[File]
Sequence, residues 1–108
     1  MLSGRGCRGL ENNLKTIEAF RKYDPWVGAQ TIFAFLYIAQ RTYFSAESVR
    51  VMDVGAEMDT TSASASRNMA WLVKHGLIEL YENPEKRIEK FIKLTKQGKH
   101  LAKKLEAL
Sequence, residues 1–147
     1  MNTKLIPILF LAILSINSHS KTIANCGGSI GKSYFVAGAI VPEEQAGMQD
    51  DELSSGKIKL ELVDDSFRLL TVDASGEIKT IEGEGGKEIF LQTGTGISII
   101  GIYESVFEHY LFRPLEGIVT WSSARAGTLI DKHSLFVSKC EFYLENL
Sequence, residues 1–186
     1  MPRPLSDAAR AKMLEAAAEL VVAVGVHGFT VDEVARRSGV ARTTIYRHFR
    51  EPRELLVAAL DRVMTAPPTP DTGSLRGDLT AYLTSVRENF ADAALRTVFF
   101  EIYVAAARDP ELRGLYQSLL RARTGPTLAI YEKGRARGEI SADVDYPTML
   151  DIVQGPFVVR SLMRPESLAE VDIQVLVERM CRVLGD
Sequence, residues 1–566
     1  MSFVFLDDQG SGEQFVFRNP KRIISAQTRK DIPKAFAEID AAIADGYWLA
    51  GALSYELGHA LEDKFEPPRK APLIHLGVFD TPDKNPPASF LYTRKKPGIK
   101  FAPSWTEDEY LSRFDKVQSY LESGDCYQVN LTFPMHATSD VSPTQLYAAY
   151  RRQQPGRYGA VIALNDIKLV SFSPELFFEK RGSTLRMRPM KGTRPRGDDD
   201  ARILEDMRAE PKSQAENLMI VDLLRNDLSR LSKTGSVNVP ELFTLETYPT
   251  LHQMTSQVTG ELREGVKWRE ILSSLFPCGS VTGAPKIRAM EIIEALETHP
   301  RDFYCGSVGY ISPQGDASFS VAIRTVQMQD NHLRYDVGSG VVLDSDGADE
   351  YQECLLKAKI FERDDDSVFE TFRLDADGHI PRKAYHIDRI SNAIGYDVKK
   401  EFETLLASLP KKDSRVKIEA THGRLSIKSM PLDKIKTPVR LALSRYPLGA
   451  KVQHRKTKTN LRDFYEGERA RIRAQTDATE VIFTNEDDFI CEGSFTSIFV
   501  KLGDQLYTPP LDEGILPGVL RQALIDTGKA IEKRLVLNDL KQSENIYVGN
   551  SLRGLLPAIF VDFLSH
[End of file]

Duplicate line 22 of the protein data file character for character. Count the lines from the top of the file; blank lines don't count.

   351  YQECLLKAKI FERDDDSVFE TFRLDADGHI PRKAYHIDRI SNAIGYDVKK